Good Dragon Movies are Few and Far Between


Good dragon flicks can be cool and refreshing.
Good dragon flicks can be cool and refreshing.

By Gary Dowell

We here at The Blitz were a little peeved this time last year after sitting through the interminably long first installment of “The Hobbit” for one simple reason: We wanted to see a giant flying dragon. All we got was tease a wing here, an extreme close-up of an eyeball there, and no fire-breathing money shot.

While waiting in anticipation of Part Two and wondering what to do in the meantime, we realized there aren’t a whole lot of dragon movies out there, let alone very many good ones. We did some brainstorming and put together a list of ones to obsess over for the past 12 months:

Sleeping Beauty (1959)
Yep, this is an animated Disney musical, but the fluff goes out the window during the climax when the evil sorceress Maleficent changes into a king-sized fire-breathing dragon and battles a grossly outmatched Prince Phillip. It’s an intense scene – especially for a kid – and made even more so by Maleficent’s grisly demise. (A live-action version starring Angelina Jolie is due next year.)

Ghidorah, The Three-Headed monster (1964)
Sure, this is a 60s-era Japanese daikaiju flick, not what usually comes to mind when one thinks “fire breathing dragons,” but that’s exactly what this bad boy is. How bad? Ghidorah debuted in a feature film that gave him top billing even though he starred opposite Godzilla, Mothra, and Rodan. The space-dragon would prove to be so popular he would appear in eight more films over four decades. More important, he’s got three freakin’ heads.

Dragonslayer (1981)
What is arguably the best dragon movie to date – even 30+ years later – appeared in this cult-classic fantasy film, brought to life via sophisticated, realistic animatronics by Phil Tippett. The beast ravages a small kingdom during the Dark Ages, until confronted by a wannabe-wizard’s apprentice (Peter MacNicol). It also boasts the best dragon name ever: Vermithrax Pejorative, Latin for “The Worm of Thrace Who Makes Things Worse.” Fuck yeah.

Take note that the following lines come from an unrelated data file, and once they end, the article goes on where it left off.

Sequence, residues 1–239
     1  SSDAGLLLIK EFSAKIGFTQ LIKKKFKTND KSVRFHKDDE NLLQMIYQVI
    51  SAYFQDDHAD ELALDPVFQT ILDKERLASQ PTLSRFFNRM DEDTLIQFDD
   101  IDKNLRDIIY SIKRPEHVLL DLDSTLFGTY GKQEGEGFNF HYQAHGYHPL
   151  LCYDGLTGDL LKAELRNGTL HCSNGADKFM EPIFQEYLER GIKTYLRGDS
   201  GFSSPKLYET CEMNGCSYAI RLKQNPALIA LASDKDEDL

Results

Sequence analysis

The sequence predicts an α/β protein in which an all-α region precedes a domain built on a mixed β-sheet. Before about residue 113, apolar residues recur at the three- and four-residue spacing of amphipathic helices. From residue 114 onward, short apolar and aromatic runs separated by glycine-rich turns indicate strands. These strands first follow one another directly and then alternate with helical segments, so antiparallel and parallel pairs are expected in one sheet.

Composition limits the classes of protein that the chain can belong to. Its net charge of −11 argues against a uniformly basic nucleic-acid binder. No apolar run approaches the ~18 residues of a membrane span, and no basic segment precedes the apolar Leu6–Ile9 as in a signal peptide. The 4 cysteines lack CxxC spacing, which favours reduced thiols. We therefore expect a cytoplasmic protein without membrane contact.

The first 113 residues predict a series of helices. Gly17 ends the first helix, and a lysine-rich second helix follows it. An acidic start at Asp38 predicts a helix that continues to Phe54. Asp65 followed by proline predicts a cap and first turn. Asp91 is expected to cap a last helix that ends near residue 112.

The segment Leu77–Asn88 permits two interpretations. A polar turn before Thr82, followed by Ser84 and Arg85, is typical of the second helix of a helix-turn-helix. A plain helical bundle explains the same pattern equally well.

Q – The Winged Serpent (1982)
In this oddball, off-beat B-movie, the winged Aztec lizard god Quetzalcoatl takes up residence in the Chrysler Building (because the Empire State Building was soooo 1930s) and begins snacking on New Yorkers, until David Carradine, Richard Roundtree, and Michael Moriarty save the day – no, seriously. A guilty pleasure, with pretty good stop-motion effects, an unexpected police procedural element, and a nice Method performance from Moriarty to off-set the B-movie cheese.

Dragonheart (1996)
The advent of large-scale, photo-realistic CGI effects in film made it possible to go balls-out with fantastical cinema creatures like never before, which is what director Rob Cohen (xXx, the first The Fast and the Furious film) did with this fantasy adventure. Dennis Quaid stars as a knight who enters into an unlikely partnership with the last living dragon (voiced by Sean Connery) to commit staged dragon slayings while dodging a corrupt king (David Thewlis). A modest success, nominated for the Academy Award for Best Special Effects.

Reign of Fire (2002)
Christian Bale leads a ragtag group of survivors that includes a pre-300 Gerard Butler in a post-apocalyptic world overrun by fire-breathing dragons. Yep, it’s cheesy and the plot is hard to swallow, but the dragons are impressive. However, they pale in comparison to Matthew McConaughey’s over-the-top performance as a crazy-eyed mercenary who’s part General Patton, part Colonel Kurtz, and thoroughly insane. A guilty pleasure if there ever was one.

Harry Potter and the Goblet of Fire (2005)
Our hero braves a wicked hedge maze to steal an egg from a deadly dragon (a Hungarian Horntail, to be precise) in what is arguably the best sequence in the best film of the series. Though much of the effects in the film were CGI, director Mike Newell had an actual dragon built for some of the shots in the scene, and it actually breathed fire.

Beowulf (2007)
Granted, Robert Zemeckis’ motion-capture animated version of the classic Anglo-Saxon epic (adapted by Neil Gaiman and Roger Avary) is better known for another eccentric performance by Crispin Glover and a more, um, revealing one by Angelina Jolie; however, its conclusion features a gripping, brutal battle between Beowulf (Ray Winstone) and a dragon with a surprising connection to the hero.

How to Train Your Dragon (2010)
Sure, this is kids’ fare, but even grown-ups will find it hard to resist the imaginative variety of dragons featured in this animated fantasy. Plus, it’s just damn good, becoming the animated sleeper hit of the year and unseating Shrek as DreamWorks’ crowning achievement in animation. It also has vikings! Read more of Gary Dowell’s insane ramblings at, or the lizard gets it…